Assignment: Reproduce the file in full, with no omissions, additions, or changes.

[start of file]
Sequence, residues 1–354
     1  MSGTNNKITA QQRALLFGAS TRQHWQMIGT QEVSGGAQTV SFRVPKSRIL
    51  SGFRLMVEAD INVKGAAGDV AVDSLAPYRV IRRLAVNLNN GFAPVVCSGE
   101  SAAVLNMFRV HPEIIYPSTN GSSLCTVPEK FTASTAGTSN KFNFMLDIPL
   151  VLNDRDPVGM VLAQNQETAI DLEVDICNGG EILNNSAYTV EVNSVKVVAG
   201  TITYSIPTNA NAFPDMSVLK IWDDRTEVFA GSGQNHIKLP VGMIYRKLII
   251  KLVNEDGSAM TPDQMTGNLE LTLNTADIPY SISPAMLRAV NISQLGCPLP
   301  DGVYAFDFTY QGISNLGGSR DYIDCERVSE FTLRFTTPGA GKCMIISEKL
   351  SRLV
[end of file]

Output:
Sequence, residues 1–354
     1  MSGTNNKITA QQRALLFGAS TRQHWQMIGT QEVSGGAQTV SFRVPKSRIL
    51  SGFRLMVEAD INVKGAAGDV AVDSLAPYRV IRRLAVNLNN GFAPVVCSGE
   101  SAAVLNMFRV HPEIIYPSTN GSSLCTVPEK FTASTAGTSN KFNFMLDIPL
   151  VLNDRDPVGM VLAQNQETAI DLEVDICNGG EILNNSAYTV EVNSVKVVAG
   201  TITYSIPTNA NAFPDMSVLK IWDDRTEVFA GSGQNHIKLP VGMIYRKLII
   251  KLVNEDGSAM TPDQMTGNLE LTLNTADIPY SISPAMLRAV NISQLGCPLP
   301  DGVYAFDFTY QGISNLGGSR DYIDCERVSE FTLRFTTPGA GKCMIISEKL
   351  SRLV